Greg, did you ever think they’d make a movie about billboards?
There’s advertising everywhere, even in movies. Let’s recap:
We meet Mildred (Frances McDormand), a woman grieving her daughter’s rape and murder. She’s also upset that the police in her hometown of Ebbing, Missouri, are not making any progress in apprehending the perpetrator. She rents three old unused billboards just outside of town, and on them she displays in big letters, “Raped while dying”, “And still no arrests”, and “How come, Chief Willoughby?” Deputy Dixon (Sam Rockwell), Chief Willoughby (Woody Harrelson), and many of the town’s citizens want Mildred to take down the billboards.
Mildred won’t take the signs down and faces assaults by all the town’s people including her own dentist. Willoughby isn’t the redneck tough guy you expect. He is sympathetic to Mildred’s case, but after 7 months there’s not much more he can do. Then, he reveals that he has cancer. Mildred is not moved and pushes him to solve the case before his cancer consumes him. But before too long, he takes his own life.
Greg, Three Billboards is a true gem of a movie that is filled with memorable characters who all seem to be undergoing challenging life journeys. The film is a dark portrayal of human nature, yet it is also a depiction of one woman’s relentless campaign to triumph over that darkness. Writer and director Martin McDonagh may hail from Ireland but he has firm handle on the rot and muck of middle America.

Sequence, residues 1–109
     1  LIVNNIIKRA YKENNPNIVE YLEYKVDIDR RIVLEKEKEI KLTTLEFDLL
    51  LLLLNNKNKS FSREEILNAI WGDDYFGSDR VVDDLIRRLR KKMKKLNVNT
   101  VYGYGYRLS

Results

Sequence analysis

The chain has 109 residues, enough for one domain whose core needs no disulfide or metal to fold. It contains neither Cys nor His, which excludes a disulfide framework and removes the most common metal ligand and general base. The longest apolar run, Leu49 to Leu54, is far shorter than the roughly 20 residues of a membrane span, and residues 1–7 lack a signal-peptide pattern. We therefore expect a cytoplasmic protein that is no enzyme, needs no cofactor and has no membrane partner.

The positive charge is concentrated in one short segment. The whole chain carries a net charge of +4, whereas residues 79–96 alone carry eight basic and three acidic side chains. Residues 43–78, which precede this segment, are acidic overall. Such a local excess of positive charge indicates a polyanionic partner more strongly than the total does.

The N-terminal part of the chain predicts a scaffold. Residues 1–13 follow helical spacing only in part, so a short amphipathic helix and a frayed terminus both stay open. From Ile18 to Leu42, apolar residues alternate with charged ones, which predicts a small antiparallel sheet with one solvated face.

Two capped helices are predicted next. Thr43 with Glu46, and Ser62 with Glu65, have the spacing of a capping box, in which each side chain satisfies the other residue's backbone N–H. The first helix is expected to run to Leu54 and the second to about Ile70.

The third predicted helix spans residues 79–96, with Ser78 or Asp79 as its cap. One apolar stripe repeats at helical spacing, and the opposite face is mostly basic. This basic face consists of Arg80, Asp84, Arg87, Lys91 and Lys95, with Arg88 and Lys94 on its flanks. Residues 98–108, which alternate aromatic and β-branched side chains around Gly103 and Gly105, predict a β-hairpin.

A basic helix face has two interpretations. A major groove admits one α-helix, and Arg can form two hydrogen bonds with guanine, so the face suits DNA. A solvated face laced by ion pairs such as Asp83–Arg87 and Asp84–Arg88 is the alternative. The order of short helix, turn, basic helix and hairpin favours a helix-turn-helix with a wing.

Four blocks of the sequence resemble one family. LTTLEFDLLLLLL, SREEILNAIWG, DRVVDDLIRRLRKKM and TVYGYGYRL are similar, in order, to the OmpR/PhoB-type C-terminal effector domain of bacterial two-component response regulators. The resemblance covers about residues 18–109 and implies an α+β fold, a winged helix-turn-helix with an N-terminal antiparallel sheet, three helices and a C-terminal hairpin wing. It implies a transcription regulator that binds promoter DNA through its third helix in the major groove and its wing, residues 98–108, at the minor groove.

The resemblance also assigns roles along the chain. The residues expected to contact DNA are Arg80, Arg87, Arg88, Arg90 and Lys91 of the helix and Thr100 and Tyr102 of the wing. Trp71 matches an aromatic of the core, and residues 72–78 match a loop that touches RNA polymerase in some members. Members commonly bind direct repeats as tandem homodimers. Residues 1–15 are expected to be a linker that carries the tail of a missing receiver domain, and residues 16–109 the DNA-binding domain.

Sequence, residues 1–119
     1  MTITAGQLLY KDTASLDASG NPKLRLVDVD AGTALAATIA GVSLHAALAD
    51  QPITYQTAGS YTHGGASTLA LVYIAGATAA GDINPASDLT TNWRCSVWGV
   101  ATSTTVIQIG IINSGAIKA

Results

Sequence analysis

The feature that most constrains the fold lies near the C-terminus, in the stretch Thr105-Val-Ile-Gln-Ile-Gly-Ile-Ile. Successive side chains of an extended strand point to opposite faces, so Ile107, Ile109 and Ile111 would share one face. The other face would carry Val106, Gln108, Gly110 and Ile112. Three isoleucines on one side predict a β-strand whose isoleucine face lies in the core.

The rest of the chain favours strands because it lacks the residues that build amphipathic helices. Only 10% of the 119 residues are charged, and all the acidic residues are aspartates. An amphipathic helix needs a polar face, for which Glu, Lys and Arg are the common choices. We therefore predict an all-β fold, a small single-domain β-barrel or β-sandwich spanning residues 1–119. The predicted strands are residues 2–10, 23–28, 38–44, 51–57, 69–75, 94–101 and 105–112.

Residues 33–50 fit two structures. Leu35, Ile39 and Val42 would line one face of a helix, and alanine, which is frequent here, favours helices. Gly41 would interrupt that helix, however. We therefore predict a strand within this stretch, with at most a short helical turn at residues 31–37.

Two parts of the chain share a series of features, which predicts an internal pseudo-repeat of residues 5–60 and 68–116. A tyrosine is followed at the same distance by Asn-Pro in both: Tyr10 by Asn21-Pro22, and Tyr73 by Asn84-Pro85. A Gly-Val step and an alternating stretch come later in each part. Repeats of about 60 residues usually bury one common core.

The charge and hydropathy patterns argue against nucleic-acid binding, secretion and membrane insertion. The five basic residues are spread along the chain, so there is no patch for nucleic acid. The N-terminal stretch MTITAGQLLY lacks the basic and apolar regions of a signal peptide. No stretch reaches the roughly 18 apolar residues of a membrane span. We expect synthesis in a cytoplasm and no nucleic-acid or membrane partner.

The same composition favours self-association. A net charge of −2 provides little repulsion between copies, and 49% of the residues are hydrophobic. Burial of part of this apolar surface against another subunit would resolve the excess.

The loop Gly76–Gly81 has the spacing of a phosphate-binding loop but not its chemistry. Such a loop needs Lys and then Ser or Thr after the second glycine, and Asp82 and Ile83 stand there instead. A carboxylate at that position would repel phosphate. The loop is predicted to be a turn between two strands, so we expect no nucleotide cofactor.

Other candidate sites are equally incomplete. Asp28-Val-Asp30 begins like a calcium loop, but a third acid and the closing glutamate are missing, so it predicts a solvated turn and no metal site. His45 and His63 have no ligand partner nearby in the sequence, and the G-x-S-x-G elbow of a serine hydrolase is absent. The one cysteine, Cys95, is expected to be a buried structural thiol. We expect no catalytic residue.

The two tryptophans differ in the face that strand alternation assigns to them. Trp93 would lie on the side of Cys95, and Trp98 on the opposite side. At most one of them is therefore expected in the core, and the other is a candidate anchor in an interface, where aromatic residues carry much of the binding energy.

Special kudos go to Frances McDormand, who unleashes an Oscar-worthy performance here. She’s a special kind of hero in that she is basically unstoppable. The mystery of who brutalized her daughter appears to be unsolvable, yet her Billboards open the door to clues about the perpetrator. Mildred reminds me of the character of Carol in The Walking Dead; she is a force to be reckoned with, and people pay a steep price in underestimating her.
Three Billboards is an unexpected pleasure. This is not a typical story of heroes and villains. Sheriff Willoughby looks like he might be an incompetent boob – but he’s actually the glue that holds the town together. Mildred seems like a woman without a heart – but she deeply cares about Willoughby and his fight with cancer. Dixon is a classic racist in a position of power – and we learn he’s little more than a child. We keep expecting people to be called out for their biases and ultimately we learn that everyone in town is human, flawed, and dealing with their own pain.
The other thing this story does is never resolve the murder. It is simply a McGuffin designed to throw these people together to expose their pain and flaws. Dixon is the most transformed because he has the furthest to travel towards redemption. He has to overcome the biases his (pure evil) mother has inflicted upon him. It’s Willoughby who is the catalyst for his change. In a posthumous letter he tells Dixon he’s a good man who mistakes hate for strength and tells him to embrace love. Dixon seems to absorb this advice and finally takes a beating to bring a rapist to justice.
Dixon’s transformation is fascinating because it raises the question of whether it is possible for a person to transform so quickly from extreme evil to extreme good. One could argue that such a dramatic swing defies belief and any notion of realism. Yet we know that big changes in character are reasonable given the parameters and goals of storytelling. Joseph Campbell and Richard Rohr argue that the veracity of a tale is less important than its ability to inspire, motivate, and educate its audience.